Sojung Kim1,2, Daesik Kim1,2, Seung Woo Cho1,2, Jungeun Kim1,2, and Jin-Soo Kim1,2,3
1 Department of Chemistry, Seoul National University, Seoul, South Korea
2 Center for Genome Engineering, Institute for Basic Science, Seoul, South Korea
3 To whom correspondence should be addressed. J.-S.K.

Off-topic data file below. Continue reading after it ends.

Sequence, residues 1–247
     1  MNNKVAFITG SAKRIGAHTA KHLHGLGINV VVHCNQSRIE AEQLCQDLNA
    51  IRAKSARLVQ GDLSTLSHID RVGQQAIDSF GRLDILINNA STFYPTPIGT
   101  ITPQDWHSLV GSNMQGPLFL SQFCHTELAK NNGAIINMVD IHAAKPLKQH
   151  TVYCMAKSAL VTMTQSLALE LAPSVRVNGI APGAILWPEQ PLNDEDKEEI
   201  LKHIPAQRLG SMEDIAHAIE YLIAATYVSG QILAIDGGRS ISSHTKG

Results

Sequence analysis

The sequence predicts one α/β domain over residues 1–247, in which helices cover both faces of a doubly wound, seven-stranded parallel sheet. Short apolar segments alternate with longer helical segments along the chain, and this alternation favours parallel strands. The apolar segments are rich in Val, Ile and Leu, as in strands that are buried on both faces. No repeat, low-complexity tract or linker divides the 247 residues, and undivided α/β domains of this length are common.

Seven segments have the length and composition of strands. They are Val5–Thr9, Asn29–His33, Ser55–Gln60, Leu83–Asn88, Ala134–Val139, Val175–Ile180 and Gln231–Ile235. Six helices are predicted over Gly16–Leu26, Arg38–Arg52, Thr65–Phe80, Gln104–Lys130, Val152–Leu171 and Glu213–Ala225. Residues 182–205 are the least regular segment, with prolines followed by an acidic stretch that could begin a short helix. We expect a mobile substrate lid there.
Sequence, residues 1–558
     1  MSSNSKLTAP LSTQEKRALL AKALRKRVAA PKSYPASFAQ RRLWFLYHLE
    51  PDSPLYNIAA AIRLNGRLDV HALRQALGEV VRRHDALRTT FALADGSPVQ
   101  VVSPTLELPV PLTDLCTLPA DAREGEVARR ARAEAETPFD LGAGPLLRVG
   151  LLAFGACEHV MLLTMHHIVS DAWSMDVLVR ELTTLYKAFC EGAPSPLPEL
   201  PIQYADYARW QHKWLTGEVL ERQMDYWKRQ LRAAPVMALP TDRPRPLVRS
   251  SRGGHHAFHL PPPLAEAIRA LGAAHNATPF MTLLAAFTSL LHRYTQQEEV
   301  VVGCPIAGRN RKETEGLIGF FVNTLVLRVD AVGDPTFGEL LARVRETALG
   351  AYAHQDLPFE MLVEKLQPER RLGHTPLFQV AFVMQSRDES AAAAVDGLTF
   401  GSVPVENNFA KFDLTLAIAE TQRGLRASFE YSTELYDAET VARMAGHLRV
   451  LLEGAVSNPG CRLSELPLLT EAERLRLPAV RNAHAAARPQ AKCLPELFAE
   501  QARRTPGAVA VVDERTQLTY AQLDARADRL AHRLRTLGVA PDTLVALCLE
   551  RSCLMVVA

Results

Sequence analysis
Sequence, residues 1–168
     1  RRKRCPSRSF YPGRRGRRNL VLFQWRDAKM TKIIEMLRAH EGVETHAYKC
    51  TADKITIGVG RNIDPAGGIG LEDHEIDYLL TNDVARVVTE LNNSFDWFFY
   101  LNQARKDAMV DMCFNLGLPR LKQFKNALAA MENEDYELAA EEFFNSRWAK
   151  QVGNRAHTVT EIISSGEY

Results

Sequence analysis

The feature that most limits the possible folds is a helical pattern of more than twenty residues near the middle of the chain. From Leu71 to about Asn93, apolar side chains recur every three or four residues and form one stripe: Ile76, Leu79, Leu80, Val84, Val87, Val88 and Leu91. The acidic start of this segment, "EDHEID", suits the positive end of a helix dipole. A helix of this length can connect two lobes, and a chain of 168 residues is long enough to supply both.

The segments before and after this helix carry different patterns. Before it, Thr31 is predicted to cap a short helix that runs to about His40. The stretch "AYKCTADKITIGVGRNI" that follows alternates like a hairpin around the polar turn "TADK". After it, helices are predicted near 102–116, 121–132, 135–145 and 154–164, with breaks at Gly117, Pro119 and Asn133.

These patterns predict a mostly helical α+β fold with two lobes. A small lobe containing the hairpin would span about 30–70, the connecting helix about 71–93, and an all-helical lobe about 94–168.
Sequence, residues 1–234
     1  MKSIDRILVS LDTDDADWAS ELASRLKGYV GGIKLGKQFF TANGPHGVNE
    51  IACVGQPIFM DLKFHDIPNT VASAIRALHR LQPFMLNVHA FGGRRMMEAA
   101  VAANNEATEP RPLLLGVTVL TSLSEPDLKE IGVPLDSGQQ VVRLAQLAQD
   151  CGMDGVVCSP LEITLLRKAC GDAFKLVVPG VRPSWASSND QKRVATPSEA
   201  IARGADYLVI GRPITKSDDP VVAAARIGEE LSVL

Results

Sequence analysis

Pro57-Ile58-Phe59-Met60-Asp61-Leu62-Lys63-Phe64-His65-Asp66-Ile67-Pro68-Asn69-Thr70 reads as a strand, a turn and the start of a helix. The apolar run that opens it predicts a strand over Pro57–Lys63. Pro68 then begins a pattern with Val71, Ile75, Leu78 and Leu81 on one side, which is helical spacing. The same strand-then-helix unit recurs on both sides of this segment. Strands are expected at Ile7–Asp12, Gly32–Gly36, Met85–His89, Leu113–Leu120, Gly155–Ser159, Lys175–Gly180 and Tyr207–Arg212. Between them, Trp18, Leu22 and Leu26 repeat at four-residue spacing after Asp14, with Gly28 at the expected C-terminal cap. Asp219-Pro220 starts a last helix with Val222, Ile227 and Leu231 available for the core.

RNA-guided engineered nucleases (RGENs) derived from the prokaryotic adaptive immune system known as CRISPR (clustered, regularly interspaced, short palindromic repeat)/Cas (CRISPR-associated) enable genome editing in human cell lines, animals, and plants but are limited by off-target effects and unwanted integration of DNA segments derived from plasmids encoding Cas9 and guide RNA at both on-target and off-target sites in the genome. Here, we deliver purified recombinant Cas9 protein and guide RNA into cultured human cells including hard-to-transfect fibroblasts and pluripotent stem cells. RGEN ribonucleoproteins (RNPs) induce site-specific mutations at frequencies of up to 79%, while reducing off-target mutations associated with plasmid transfection at off-target sites that differ by one or two nucleotides from on-target sites. RGEN RNPs cleave chromosomal DNA almost immediately after delivery and are degraded rapidly in cells, reducing off-target effects. Furthermore, RNP delivery is less stressful to human embryonic stem cells, producing at least two-fold more colonies than does plasmid transfection.